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Surfing the Web Securely (part 2) - Enhancing Online Privacy by Managing Cookies

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Enhancing Online Privacy by Managing Cookies

A cookie is a small text file that’s stored on your computer. It’s used by websites to “remember” information about your session at that site: shopping cart data, page customizations, passwords, and so on. No other site can access the cookie, so they’re generally safe and private under most—but definitely not all—circumstances. To understand why cookies can sometimes compromise your privacy, you need to understand the different cookie types that exist:

Note

The term cookie is based on the old programming term magic cookie, which is defined as something passed between routines or programs that enables the receiver to perform some operation. It’s this idea of passing data from one thing to another (in this case, from a page to your computer) that inspired the original cookie creators.


  • Temporary cookie— This type of cookie lives just as long as you have Internet Explorer running. When you shut down the program, all the temporary cookies are deleted.

  • Persistent cookie— This type of cookie remains on your hard disk through multiple Internet Explorer sessions. The cookie’s duration depends on how it’s set up, but it can be anything from a few seconds to a few years.

  • First-party cookie— This is a cookie that’s set by the website that you’re viewing.

  • Third-party cookie— This is a cookie that’s set by a site other than the one you’re viewing. Most third-party cookies are created and stored by advertisers who have placed an ad on the site you’re viewing.

Given these cookie types, there are two ways that your privacy can be compromised:

  • A site might store personally identifiable information—your name, email address, home address, phone number, and so on—in a persistent first- or third-party cookie and then use that information in some way (such as filling in a form) without your consent.

  • A site might store information about you in a persistent third-party cookie and then use that cookie to track your online movements and activities. They can do this because they might have (for example) an ad on dozens or hundreds of websites and that ad is the mechanism that enables the site to set and read their cookies. Such sites are supposed to come up with privacy policies stating that they won’t engage in surreptitious monitoring of users, they won’t sell user data, and so on.

To help you handle these scenarios, Windows XP implements a privacy feature that gives you extra control over whether sites can store cookies on your machine. To check out this feature, select Internet Explorer’s Tools, Internet Options command, and then display the Privacy tab, shown in Figure 2.

Figure 2. Use the Privacy tab to configure how Internet Explorer handles cookies.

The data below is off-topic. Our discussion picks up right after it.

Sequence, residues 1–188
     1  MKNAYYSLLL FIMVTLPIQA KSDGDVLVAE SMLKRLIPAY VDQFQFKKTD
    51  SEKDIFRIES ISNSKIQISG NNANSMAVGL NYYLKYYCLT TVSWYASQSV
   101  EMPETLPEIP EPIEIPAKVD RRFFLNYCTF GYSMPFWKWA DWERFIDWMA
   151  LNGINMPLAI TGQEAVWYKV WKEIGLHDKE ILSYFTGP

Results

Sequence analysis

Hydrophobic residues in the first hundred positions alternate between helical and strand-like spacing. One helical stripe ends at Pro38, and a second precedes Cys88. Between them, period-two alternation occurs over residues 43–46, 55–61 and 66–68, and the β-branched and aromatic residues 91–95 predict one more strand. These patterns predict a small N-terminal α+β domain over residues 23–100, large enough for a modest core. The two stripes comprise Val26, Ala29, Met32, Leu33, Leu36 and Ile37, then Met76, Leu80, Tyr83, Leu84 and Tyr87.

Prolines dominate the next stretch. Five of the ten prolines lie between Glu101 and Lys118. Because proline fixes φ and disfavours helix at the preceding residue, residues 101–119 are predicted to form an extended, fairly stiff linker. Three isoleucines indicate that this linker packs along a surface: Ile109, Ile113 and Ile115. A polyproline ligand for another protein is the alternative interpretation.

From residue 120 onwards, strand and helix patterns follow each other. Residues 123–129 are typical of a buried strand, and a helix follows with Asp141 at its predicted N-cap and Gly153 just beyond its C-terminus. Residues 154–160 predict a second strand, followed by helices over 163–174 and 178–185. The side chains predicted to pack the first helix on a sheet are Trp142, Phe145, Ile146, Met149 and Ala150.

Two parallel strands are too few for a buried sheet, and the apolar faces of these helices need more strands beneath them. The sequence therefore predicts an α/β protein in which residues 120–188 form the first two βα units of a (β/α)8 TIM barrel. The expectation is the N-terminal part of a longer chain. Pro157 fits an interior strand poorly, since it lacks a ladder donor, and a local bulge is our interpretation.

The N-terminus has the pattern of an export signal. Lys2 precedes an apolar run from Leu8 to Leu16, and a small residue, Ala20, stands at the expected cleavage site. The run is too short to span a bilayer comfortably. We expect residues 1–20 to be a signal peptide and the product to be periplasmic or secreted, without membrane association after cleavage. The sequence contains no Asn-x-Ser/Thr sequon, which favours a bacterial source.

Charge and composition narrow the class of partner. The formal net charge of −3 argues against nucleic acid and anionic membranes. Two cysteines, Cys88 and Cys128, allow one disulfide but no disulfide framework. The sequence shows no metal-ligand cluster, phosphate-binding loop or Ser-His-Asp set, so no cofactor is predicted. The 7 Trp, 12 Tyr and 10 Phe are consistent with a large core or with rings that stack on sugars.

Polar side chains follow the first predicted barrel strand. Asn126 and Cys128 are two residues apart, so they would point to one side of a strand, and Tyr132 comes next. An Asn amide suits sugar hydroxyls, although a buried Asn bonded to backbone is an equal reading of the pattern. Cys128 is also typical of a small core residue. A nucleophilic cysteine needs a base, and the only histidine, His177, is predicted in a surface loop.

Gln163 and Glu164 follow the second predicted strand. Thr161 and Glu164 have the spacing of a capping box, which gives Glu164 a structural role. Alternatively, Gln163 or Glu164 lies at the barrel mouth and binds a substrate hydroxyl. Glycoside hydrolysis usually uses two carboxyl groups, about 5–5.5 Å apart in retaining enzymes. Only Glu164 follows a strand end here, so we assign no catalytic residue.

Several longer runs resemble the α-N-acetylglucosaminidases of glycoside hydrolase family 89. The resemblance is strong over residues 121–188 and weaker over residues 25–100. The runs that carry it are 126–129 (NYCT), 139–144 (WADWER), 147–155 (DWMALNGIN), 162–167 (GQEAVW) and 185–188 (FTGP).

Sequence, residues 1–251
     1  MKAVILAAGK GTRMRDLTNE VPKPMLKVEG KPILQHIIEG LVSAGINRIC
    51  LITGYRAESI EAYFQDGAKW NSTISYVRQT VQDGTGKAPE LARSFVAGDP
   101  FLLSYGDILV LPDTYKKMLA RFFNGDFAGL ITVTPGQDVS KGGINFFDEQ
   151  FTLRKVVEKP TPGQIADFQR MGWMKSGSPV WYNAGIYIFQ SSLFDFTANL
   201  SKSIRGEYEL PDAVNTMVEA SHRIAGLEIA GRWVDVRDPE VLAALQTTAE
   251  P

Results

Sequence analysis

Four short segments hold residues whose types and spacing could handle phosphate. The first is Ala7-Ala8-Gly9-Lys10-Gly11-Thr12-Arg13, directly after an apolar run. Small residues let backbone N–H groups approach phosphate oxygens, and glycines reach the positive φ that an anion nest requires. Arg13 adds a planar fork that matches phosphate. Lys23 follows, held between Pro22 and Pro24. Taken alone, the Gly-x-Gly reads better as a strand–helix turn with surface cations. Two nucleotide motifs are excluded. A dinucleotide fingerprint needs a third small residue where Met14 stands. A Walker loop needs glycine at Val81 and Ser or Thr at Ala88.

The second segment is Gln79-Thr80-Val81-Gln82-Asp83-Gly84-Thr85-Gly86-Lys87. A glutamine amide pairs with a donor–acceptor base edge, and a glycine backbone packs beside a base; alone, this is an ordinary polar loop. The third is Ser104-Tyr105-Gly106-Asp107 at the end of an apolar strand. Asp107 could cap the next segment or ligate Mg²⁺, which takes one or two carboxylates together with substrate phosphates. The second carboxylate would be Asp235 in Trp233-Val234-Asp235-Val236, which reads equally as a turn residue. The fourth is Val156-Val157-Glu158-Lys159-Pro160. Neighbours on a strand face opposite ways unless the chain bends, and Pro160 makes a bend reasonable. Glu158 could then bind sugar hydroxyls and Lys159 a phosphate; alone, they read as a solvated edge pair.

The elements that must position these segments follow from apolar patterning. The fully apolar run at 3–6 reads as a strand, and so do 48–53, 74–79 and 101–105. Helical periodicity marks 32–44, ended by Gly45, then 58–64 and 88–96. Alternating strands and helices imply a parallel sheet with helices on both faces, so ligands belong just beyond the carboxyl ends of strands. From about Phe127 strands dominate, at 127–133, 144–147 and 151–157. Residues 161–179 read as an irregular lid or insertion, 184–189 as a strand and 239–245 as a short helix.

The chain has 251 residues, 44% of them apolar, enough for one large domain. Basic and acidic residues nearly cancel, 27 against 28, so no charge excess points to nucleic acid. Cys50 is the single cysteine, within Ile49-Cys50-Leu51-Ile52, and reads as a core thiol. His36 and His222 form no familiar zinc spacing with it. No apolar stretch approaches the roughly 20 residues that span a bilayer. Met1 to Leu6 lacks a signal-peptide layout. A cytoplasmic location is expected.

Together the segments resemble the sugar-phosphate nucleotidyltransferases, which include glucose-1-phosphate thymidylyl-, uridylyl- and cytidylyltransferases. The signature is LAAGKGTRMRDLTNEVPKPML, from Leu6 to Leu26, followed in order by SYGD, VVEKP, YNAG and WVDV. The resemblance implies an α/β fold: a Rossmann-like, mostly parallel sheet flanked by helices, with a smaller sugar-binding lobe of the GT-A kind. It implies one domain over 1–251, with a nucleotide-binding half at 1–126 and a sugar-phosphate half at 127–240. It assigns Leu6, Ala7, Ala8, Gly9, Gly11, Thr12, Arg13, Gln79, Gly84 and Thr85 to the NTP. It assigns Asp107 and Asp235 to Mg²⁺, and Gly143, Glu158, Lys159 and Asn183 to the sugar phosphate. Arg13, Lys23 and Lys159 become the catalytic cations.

You set your cookie privacy level by using the slider in the Settings group. First, let’s look at the two extreme settings:

  • Accept All Cookies— This setting (it’s at the bottom of the slider) tells Internet Explorer to accept all requests to set and read cookies.

  • Block All Cookies— This setting (it’s at the top of the slider) tells Internet Explorer to reject all requests to set and read cookies.

Caution

Blocking all cookies might sound like the easiest way to maximize your online privacy. However, many sites rely on cookies to operate properly, so if you block all cookies you might find that your web surfing isn’t as convenient or as smooth as it used to be.


In between there are four settings that offer more detailed control. Table 1 shows you how each setting affects the three types of privacy issues:

Table 1. Cookie Settings and Their Effect on Surfing Privacy
 Third-Party Cookies with No Compact Privacy PolicyThird-Party Cookies Using Personally Identifiable Information Without the Type of ConsentFirst-Party Cookies Using Personally Identifiable Information Without the Type of Consent
LowRestrictedRestricted (implicit)OK
Medium (the default)BlockedBlocked (implicit)Restricted (implicit)
Medium HighBlockedBlocked (explicit)Blocked (implicit)
HighBlockedBlocked (explicit)Blocked (explicit)

Here are some notes about the terminology in this table:

  • Restricted means that Internet Explorer doesn’t allow the site to set a persistent cookie, just a temporary one.

  • A compact privacy policy is a shortened form of a privacy policy that can be sent along with the cookie and that can be read by the browser.

  • Implicit consent means that on one or more pages leading up to the cookie, you were warned that your personally identifiable information would be used and you agreed that it was okay.

  • Explicit consent means that on the page that reads the cookie, you were warned that your personally identifiable information would be used and you agreed that it was okay.

Note

If you decide to change the privacy setting, you should first delete all your cookies because the new setting won’t apply to any cookies already on your computer. To delete your cookies, select Tools, Internet Options, display the General tab, and then click Delete Cookies. If you prefer to delete individual cookies, click Settings, click View Files, and then look for filenames that begin with Cookie:.

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